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or revery

[rev-uh-ree] /ˈrɛv ə ri/
a state of dreamy meditation or fanciful musing:
lost in reverie.
a daydream.
a fantastic, visionary, or impractical idea:
reveries that will never come to fruition.
Music. an instrumental composition of a vague and dreamy character.
Origin of reverie
1325-75; Middle English < Old French reverie, derivative of rever to speak wildly. See rave1, -ery
1. abstraction, brown study.


[rev-uh-ree] /ˈrɛv ə ri/
noun, plural reveries.
1. Unabridged
Based on the Random House Dictionary, © Random House, Inc. 2015.
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Examples from the Web for reveries
Contemporary Examples
  • He flashes with anger—especially when his reveries are interrupted—dwells on death, and experiences curious lapses of memory.

Historical Examples
  • It is never pleasant to have one's reveries abruptly broken; the nerves are agacs, if nothing worse.

    Barren Honour: A Novel George A. Lawrence
  • I am a prey tonight to reveries that make of me a dull companion.

    Clair de Lune Michael Strange
  • As these reveries floated through the clear, active brain of the invalid youth, the door of his chamber softly opened.

    Ishmael Mrs. E. D. E. N. Southworth
  • Very suddenly one day was he roused out of one of these reveries.

    Oowikapun Egerton Ryerson Young
  • The menace of the future was in her reveries, and she had lost her youth, and her figure, and her admirers.

    The Quaint Companions Leonard Merrick
  • I could hear them talking; but lay still, because I was loth to have my reveries disturbed.

    Aladdin & Co. Herbert Quick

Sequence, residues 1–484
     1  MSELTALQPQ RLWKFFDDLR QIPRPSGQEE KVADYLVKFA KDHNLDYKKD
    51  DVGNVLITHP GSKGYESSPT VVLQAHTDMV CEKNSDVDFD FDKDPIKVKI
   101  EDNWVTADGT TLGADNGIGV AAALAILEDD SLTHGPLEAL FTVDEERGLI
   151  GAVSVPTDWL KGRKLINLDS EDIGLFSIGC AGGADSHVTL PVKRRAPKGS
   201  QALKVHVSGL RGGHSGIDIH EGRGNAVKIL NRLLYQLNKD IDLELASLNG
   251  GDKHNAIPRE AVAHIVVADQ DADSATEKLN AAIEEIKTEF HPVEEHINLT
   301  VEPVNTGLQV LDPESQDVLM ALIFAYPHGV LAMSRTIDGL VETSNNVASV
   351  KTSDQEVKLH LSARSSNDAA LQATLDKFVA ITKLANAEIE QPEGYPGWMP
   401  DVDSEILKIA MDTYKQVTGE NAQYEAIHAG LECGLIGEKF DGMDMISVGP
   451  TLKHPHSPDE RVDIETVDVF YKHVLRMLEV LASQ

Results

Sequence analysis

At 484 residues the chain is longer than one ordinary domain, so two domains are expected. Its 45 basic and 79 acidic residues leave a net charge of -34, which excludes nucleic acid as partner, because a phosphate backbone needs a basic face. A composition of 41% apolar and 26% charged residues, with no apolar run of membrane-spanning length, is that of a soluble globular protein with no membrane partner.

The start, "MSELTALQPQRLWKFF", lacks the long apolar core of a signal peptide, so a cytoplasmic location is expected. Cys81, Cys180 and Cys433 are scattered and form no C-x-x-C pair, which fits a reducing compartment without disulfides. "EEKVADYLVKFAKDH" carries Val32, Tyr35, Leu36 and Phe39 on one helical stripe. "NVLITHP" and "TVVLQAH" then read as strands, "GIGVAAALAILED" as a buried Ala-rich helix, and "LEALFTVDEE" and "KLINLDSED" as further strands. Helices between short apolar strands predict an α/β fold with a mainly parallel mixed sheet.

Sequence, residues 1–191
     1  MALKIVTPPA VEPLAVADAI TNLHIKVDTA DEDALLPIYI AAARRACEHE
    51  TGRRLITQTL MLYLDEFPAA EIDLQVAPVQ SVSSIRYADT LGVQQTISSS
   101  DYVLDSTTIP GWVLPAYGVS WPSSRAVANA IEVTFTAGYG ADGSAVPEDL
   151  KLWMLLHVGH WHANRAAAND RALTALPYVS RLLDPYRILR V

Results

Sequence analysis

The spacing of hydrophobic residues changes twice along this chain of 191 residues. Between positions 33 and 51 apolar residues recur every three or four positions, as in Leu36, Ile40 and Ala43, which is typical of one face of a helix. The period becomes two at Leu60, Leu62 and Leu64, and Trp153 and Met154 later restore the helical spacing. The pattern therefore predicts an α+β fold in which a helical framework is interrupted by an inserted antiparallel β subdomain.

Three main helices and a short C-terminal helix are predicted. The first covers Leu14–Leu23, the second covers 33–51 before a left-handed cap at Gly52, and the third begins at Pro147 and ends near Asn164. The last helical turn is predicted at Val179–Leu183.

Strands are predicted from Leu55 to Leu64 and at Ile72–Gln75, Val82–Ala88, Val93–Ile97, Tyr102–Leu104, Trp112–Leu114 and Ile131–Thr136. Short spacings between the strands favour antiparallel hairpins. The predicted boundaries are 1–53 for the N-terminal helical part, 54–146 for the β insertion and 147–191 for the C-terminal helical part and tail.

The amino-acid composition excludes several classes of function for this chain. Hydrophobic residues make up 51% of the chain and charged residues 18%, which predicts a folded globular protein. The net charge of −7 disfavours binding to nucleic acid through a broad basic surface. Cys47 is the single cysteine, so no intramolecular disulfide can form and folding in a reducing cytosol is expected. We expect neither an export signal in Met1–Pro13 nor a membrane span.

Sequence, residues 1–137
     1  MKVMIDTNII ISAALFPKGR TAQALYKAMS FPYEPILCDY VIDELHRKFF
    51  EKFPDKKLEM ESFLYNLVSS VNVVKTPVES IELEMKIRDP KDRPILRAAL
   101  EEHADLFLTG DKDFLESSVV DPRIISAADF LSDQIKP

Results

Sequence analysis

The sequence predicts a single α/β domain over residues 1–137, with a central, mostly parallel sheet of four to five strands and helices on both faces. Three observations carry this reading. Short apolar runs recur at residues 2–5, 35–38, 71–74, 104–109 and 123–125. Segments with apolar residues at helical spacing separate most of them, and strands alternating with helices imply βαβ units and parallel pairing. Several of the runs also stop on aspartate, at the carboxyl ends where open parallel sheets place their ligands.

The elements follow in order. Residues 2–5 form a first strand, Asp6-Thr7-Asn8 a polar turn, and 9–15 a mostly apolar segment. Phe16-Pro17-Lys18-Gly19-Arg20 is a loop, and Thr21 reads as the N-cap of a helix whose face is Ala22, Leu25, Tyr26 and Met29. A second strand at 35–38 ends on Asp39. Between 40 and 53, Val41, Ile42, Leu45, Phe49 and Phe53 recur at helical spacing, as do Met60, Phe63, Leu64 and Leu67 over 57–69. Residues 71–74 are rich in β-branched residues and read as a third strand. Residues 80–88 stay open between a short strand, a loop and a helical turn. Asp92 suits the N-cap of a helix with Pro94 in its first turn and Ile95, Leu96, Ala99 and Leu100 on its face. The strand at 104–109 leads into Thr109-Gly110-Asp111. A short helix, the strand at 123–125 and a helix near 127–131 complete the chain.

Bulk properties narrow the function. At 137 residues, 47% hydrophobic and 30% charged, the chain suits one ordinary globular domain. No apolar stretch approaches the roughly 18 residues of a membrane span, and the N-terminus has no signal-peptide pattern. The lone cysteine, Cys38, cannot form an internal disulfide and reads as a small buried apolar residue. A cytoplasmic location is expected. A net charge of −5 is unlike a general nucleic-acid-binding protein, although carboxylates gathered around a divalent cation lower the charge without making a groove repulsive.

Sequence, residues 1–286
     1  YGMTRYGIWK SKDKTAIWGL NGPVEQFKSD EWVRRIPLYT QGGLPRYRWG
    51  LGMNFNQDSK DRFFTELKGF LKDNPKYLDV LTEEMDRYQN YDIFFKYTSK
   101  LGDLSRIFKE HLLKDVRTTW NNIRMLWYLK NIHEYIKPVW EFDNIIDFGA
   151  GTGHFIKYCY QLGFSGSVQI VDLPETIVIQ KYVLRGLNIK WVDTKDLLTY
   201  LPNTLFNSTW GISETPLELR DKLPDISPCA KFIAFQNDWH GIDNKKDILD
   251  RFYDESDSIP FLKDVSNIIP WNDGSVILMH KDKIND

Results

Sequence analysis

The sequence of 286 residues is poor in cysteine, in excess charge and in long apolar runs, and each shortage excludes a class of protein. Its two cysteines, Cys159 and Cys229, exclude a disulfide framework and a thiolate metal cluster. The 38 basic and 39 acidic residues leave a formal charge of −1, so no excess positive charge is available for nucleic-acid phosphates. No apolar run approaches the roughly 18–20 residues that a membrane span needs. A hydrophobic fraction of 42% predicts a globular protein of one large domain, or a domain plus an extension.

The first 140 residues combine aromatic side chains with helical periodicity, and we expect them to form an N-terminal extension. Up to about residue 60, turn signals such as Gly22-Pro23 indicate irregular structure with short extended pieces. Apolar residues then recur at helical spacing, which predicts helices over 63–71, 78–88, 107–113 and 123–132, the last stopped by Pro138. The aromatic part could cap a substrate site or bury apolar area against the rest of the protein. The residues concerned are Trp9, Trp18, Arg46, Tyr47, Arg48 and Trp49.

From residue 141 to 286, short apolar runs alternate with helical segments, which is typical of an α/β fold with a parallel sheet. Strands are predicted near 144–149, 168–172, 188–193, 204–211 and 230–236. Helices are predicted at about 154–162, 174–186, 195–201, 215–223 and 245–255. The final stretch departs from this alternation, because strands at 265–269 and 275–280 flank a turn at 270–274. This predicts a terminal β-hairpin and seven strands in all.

• The trash in our scholastic theology has nothing to do with the trash in Zarathustra's reveries.

  • As for Jenkins, she affects to take all her mistress's reveries for gospel.

  • We should beware of the nature of the reveries that fasten on us.

    The Man Who Laughs Victor Hugo
British Dictionary definitions for reveries


noun (pl) -eries
an act or state of absent-minded daydreaming: to fall into a reverie
a piece of instrumental music suggestive of a daydream
(archaic) a fanciful or visionary notion; daydream
Word Origin
C14: from Old French resverie wildness, from resver to behave wildly, of uncertain origin; see rave1
Collins English Dictionary - Complete & Unabridged 2012 Digital Edition
© William Collins Sons & Co. Ltd. 1979, 1986 © HarperCollins
Publishers 1998, 2000, 2003, 2005, 2006, 2007, 2009, 2012
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Word Origin and History for reveries



mid-14c., reuerye, "wild conduct, frolic," from Old French reverie, resverie "revelry, raving, delirium" (Modern French rêverie), from resver "to dream, wander, rave" (12c., Modern French rêver), of uncertain origin (also the root of rave). Meaning "daydream" is first attested 1650s, a reborrowing from French. As a type of musical composition, it is attested from 1880. Related: Reverist.

Online Etymology Dictionary, © 2010 Douglas Harper
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